Who Owns the Legacy of Oscar Wilde?



Why It’s New York Irish Arts: It’s a cross-post from Oscar Wilde In America by guest blogger John Cooper.
How It’s New York: It’s a review of a conference held at Drew University, 29 miles from NYC, featuring Gwen Orel and Charlotte Moore, founder and artistic director of New York’s Irish Repertory Theatre.
How It’s Irish: Oscar was a celebrated Irish poet, dramatist and wit


by John Cooper 

Wilde Conference at Drew University, June 1-2, 2012


Who Owns the Legacy of Oscar Wilde?

So it was to Drew University (Madison, NJ) hopeful of enlightenment as to the nominal question posed by the conference: Who Owns The Legacy of Oscar Wilde?

With an author in the public domain the answer to this question is usually nobody. However, this conference was a reminder, should it be needed, that in the sphere of Wilde studies nobody often translates into anybody willing to marry the subject, for better or worse, to their own vision of Wilde. This is hardly surprising given Wilde’s dualities of nationality, gender and style, and over the years writers have enjoyed an open season and taken careful aim. At least in a forum such as this the subject becomes a moving target. So we had varied questions, not only of the Irish Wilde and the gay Wilde, as might be expected, but also an array of topics ranging from thesis to the practical; subjects from Wilde’s reputation as a classicist to the ownership of his work and imagery. 

Drew University is a private school in Madison, New Jersey, which is in the leafier suburbs in the north of the state, with direct access to New York City. Founded as the Drew Theological Seminary in 1867, it now has a graduate enrollment of approximately 2,500 students who enjoy Neo-Classic surroundings including Mead Hall, a Greek Revival mansion where the conference took place. 

There was much at the conference to learn from and enjoy. Pleasingly, the itinerary had been thematically arranged into several sessions throughout the two days.  But alas, not all of the conference can be reported as it was impossible to attend all the lectures. On each day there was a time slot in which two sessions occurred concurrently: thus on Day One one had to choose between the Hellenistic Wilde and the masculine Wilde; and on Day Two, frustratingly, between the key aspects of Wilde’s Irishness and sexuality. 

A second reason for incompleteness is the strain put upon attention span at such conferences. This is partially explained, for me at least, by the fact that lectures are often the verbatim text of a paper that was intended to be read not spoken.

What follows therefore is a subjective précis of the noteworthy, not an exhaustive review of content.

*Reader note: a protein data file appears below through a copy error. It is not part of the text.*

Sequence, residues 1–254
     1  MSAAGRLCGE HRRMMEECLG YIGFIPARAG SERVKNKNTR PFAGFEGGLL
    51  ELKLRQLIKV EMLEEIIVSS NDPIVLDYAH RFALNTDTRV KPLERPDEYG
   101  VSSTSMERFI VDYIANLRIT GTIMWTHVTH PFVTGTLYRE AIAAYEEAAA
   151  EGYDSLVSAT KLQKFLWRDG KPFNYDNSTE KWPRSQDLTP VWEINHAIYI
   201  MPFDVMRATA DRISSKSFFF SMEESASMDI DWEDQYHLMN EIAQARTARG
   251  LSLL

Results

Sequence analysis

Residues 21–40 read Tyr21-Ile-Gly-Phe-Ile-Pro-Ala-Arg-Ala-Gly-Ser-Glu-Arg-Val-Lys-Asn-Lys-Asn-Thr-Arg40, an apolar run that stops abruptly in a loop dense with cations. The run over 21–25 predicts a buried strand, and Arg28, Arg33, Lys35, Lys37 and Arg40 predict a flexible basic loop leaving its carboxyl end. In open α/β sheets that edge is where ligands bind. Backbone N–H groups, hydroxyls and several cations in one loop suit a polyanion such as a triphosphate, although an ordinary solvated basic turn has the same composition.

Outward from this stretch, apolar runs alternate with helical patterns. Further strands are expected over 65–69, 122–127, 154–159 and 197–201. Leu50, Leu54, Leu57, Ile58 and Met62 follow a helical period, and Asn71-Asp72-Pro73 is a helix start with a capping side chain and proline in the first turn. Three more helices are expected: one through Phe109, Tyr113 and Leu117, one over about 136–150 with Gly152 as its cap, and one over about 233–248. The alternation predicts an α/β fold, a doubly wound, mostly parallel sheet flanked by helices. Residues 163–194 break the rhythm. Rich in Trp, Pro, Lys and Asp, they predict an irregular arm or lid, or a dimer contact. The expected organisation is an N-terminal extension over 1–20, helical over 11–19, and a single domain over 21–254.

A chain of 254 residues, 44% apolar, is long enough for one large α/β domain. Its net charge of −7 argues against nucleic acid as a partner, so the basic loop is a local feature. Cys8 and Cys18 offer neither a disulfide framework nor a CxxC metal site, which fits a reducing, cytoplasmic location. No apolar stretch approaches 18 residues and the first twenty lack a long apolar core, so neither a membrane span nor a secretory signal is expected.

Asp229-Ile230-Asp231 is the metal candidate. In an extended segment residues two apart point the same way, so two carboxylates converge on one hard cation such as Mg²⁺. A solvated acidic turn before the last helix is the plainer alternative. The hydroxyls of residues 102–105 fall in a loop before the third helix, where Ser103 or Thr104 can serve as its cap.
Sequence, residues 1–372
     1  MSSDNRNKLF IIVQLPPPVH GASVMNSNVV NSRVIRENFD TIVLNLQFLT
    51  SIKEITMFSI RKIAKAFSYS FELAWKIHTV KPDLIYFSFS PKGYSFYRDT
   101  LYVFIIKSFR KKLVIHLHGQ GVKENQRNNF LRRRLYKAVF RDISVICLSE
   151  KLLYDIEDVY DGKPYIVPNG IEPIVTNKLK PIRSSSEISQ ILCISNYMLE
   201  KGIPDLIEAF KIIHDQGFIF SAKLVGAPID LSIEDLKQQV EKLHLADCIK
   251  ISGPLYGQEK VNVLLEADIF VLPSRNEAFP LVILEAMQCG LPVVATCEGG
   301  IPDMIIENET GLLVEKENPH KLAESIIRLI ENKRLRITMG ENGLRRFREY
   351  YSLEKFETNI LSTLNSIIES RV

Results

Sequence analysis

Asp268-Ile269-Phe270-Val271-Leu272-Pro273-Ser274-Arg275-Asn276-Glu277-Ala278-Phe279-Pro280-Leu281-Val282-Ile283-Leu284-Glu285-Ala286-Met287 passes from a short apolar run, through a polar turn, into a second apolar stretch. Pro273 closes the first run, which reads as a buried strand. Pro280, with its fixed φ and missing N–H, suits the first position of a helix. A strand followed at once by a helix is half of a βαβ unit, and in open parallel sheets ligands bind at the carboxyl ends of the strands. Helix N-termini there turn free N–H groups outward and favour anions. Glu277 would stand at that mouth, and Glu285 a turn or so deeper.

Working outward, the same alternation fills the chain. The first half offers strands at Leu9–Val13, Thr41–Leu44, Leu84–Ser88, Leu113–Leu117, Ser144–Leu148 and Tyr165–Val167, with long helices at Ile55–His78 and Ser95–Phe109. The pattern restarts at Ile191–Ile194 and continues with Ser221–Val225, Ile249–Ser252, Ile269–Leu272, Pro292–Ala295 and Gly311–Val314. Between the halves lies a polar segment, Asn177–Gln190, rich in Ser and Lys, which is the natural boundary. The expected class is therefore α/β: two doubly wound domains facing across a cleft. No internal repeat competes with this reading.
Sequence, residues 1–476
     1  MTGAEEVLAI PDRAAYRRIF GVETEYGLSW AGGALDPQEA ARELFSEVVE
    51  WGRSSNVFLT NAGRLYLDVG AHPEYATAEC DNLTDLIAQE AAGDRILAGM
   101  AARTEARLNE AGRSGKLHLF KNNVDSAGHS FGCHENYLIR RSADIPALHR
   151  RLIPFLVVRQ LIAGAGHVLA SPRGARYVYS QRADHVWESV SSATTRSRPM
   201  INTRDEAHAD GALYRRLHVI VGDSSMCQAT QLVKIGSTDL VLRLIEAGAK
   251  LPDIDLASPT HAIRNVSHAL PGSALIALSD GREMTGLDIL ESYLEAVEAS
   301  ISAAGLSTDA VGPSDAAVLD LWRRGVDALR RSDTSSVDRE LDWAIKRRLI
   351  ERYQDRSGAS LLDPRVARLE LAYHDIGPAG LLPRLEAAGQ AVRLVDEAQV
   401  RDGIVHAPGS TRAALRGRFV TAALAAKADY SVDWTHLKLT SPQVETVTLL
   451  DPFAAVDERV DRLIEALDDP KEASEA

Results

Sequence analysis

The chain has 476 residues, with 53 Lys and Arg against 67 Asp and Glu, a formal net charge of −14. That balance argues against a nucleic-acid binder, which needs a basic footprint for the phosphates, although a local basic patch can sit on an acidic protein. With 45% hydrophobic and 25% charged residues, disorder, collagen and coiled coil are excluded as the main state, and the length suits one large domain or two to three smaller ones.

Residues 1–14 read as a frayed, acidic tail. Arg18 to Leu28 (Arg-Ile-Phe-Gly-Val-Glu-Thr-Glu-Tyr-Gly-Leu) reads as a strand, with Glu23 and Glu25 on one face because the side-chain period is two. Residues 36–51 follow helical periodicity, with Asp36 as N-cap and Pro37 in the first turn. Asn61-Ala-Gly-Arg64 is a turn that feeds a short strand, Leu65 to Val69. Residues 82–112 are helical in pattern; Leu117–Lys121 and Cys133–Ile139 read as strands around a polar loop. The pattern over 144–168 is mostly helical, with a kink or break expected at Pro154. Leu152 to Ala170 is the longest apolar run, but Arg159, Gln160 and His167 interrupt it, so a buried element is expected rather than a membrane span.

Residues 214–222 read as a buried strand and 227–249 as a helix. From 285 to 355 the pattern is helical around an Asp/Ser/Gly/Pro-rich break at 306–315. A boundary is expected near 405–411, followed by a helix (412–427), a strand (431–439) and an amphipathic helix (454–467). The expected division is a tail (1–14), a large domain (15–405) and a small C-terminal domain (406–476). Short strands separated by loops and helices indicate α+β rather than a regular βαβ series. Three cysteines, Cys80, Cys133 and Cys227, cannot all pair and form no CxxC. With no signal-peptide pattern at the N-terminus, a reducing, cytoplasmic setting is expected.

The highlight for many was Margaret D. Stetz (University of Delaware) whose presentation extended into performance art. Her bravura talk: To Live on in the Minds of Men: Sewell Stokes and the Shaping of Wilde’s Gay Legacy, included not just her usual scholarship, but also well-received impersonation, acting, humor and personality. The subject was for many an introduction to the English novelist, biographer and playwright, Francis Martin Sewell Stokes (1902-1979) whose works include Oscar Wilde, a play in 3 acts (1937). The talk was valuable in understanding Wilde’s 20th century theatrical legacy. One now wishes to know more: the hallmark of good instruction.

Gwen Orel, an independent scholar, displayed an enthusiastic, yet grounded, command of her subject: Oscar Wilde and Irish Comedy. She presented a perceptive study of the language of comedy. There is Irishness and there is comedy, but Ms Orel fused the ideas to identify how verbal and structural nuance informs ethnic humor, particularly the Irish idiom in Wilde.

There was a fascinating panel entitled Queering Wilde consisting of mostly younger contributors who examined variously the aesthetic novel (including the enigma of Teleny), queer theology, and homoeroticism. 

The panelists were led with confidence and charm by Frederick Roden (University of Connecticut), whose panache was evident in his Wild(e) Religion: The Legacy of Oscar Wilde for Queer Theology. There was the promising voice of Joseph Lavery, a graduate student at the University of Pennsylvania, who gave his talk: Luxury, Wilde, and the Queer Moment in a self-possessed manner and with an impressive breadth in his use of language. He demonstrated how a nineteenth-century East-West cultural dialogue created an aesthetic globalism, exemplified by Wilde’s penchant for Japanese vellum in favoured editions. There was also Meredith Collins (Temple University) whose studious paper Teleny, Oscar Wilde, and the Aesthetic Novel traced the aesthetic novel back through “Teleny” to Pater’s “Marius the Epicurean”. Finally, Anthony D’Errico (Drew University) gave us The Homoeroticism of Dorian Gray in a manner as youthfully earnest as his subject. 

It was noted during the panel discussion how the word Queer has crept back into favour, and several in attendance wondered whether the word is now interchangeable with, or distinct from, the word Gay. The panel members elaborated on this inconclusively but with a discernible move away from such labels, favoring the more descriptive ‘same-sex attraction’. The discussion turned to the paper given by Professor Roden which again reflected the claim being made to Wilde’s legacy. He argued that the empathy Wilde displays for Christ in De Profundis helps to inform modern queer theology. In this contemplation my notion instead was of Oscar as a latter-day Paul: not merely all things to all men, but all things regardless of sexual orientation.